No disqualification when arbitrator assists on unrelated matter

No disqualification when arbitrator assists

In Quess Corporation v Netcore Cloud Pvt Ltd, the Bombay High Court held that if an arbitrator has accepted a brief from a law firm or advocate representing a party in an arbitration, that by itself will not lead to disqualification or ineligibility if the matter in which the brief has been accepted is unrelated to the arbitration.

Disputes arose between the parties to a contract and the respondent, Netcore, invoked arbitration in accordance with that contract. A sole arbitrator, the nominee of the respondent, was appointed by the court under section 11(6) of the Arbitration and conciliation Act, 1996, after the petitioner, Quess, had objected to his appointment.

At a preliminary meeting, the arbitrator made disclosure under section 12(5) of the act to the effect that he had no interest in the subject matter of the arbitration that would cast doubt on his independence and impartiality.

As the matter progressed, the petitioner became aware that the arbitrator had been representing counsel for the respondent in various matters, including proceedings in the high court.

The petitioner therefore applied to the Bombay High Court contending that the arbitrator had become ineligible to continue as such under section 12(5), read with schedule VII of the act.

Quess submitted that the arbitrator was, under law and following the facts, unable to perform his functions. As the issue of ineligibility went to the root of his appointment, the arbitrator lacked inherent jurisdiction to proceed further. This enabled a party to apply under section 14(2) of the act to the court to terminate his mandate.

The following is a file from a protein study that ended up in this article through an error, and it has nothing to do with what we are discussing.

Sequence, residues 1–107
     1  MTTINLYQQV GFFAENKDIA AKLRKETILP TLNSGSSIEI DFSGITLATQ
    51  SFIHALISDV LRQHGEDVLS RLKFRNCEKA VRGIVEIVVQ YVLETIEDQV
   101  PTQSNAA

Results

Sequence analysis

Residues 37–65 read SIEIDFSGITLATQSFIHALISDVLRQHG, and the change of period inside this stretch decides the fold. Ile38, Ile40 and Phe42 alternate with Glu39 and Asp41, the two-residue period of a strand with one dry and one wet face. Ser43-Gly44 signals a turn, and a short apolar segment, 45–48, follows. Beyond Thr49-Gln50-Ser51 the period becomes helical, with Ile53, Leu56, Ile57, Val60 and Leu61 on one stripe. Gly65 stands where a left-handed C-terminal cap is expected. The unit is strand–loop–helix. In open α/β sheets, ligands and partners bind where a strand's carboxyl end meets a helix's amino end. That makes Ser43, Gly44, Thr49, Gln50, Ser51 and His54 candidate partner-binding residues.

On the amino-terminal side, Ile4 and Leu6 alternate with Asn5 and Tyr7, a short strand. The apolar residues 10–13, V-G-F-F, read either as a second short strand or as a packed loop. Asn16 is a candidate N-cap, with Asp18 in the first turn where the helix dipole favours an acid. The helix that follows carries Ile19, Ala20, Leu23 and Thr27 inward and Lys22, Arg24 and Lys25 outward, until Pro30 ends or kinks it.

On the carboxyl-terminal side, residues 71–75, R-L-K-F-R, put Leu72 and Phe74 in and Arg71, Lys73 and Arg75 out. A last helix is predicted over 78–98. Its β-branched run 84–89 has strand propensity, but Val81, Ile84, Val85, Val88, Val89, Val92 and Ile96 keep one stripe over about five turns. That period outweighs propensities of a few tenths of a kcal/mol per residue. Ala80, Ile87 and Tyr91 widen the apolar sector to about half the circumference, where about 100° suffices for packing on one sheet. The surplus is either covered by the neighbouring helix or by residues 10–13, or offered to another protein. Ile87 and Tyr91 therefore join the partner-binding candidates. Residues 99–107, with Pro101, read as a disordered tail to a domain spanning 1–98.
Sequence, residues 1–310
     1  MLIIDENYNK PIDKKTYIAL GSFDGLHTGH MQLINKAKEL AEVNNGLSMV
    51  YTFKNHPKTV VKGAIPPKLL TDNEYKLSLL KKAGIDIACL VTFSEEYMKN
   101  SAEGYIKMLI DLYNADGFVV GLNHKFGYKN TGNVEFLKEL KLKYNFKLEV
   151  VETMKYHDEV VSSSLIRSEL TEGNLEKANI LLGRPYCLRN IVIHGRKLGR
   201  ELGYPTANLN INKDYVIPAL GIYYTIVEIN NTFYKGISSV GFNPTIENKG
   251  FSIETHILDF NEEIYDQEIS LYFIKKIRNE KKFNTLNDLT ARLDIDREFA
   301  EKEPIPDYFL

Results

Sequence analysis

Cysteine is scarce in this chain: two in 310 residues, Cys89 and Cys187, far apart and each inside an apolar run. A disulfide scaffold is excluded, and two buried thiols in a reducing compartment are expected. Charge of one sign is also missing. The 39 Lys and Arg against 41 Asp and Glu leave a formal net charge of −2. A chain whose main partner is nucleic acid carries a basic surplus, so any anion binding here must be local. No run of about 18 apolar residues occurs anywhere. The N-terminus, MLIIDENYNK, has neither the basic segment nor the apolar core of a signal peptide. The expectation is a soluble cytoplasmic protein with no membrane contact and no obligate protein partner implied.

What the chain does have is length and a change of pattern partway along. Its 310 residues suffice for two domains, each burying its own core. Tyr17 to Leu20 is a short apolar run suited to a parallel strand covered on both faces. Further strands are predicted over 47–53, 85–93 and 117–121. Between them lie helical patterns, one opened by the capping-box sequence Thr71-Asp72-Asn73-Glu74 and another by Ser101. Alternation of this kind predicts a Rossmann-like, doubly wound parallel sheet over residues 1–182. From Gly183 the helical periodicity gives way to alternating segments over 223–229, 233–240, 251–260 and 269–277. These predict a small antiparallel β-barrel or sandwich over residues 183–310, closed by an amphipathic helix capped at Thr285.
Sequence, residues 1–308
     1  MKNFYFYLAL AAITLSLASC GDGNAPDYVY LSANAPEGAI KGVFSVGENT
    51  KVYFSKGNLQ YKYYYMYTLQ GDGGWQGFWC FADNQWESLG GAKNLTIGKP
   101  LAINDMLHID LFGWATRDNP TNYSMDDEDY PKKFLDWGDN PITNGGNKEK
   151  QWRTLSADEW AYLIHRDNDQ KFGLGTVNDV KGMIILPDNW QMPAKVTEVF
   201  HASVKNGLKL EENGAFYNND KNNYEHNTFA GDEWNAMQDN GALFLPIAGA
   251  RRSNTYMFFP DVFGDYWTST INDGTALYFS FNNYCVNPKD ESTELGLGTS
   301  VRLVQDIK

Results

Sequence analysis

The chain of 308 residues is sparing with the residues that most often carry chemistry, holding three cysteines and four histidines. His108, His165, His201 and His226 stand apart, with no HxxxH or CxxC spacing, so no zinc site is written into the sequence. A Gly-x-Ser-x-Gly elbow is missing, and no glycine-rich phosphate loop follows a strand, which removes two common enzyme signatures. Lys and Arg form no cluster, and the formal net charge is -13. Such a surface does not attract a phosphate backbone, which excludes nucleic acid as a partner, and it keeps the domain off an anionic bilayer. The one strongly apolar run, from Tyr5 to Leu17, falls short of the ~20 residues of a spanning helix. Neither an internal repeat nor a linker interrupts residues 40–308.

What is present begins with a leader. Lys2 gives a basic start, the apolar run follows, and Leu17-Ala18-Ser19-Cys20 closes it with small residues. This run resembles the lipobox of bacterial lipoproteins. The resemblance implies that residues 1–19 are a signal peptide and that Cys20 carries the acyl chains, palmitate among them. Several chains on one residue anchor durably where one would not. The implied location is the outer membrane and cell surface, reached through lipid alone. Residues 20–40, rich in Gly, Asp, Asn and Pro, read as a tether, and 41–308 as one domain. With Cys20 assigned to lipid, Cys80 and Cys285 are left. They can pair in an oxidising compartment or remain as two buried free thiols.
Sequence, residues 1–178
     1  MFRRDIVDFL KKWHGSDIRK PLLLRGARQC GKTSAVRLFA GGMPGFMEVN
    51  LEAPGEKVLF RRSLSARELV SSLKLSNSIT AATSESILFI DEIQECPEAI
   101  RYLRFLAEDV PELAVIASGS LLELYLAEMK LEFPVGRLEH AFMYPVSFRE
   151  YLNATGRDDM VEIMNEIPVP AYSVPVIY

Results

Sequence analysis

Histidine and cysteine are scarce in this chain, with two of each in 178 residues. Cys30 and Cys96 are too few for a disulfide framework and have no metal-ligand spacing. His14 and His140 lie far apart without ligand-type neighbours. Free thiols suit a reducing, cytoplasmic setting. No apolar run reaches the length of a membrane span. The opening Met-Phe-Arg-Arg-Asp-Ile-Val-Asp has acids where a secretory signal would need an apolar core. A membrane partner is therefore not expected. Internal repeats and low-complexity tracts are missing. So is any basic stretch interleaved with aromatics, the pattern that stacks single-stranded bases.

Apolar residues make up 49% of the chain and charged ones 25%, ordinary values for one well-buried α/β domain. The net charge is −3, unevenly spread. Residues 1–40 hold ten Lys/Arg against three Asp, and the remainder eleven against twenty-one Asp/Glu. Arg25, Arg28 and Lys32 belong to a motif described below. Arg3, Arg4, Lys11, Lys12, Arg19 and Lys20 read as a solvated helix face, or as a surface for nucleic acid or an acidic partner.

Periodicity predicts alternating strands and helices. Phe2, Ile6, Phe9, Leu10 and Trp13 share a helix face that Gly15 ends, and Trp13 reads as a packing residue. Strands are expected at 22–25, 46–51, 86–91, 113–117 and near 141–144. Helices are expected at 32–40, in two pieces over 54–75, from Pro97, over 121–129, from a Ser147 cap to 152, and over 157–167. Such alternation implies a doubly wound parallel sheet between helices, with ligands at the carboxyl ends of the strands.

The court dismissed the petition under section 14(2), relying on the judgment in Sheetal Maruti Kurundwade v Metal Power Analytical (I) Pvt Ltd, which held that schedule V sets out various situations. Item 3 in this schedule is the same as item 3 of schedule VII. Items 4 and 25 of schedule V disqualify partners of a law firm from acting as arbitrators where their law firm represents one of the parties in arbitration.

The reason is so obvious it needs no great explanation. Item 29 is interesting, in that it says that where a person is repeatedly appointed as an arbitrator, this is justifiable doubt as to his independence and impartiality. Schedule V is linked to section 12(1)(a), which requires disclosure by the arbitrator.

Although it does appear that the non-disclosure is fatal, the disclosure, if accepted and waived, would not result in disqualification. Section 12(5) speaks of ineligibility, and is linked to schedule VII, but the proviso to that sub-section again contemplates that a waiver is possible.

The court further held that, at the broadest level, no arbitrator should be involved in any manner with one of the parties to the dispute, or a partner with a lawyer or law firm appearing in the arbitration, or representing the law firm or lawyer personally.

The high court decided that where counsel has accepted a brief from a particular attorney, advocate on record, or lawyer for some other client, this situation by itself does not require disqualification or ineligibility because the disqualification connection must be between the arbitrator’s counsel and the litigant. The Bombay High Court again relied on Sheetal Maruti Kurundwade as authority for this principle of law.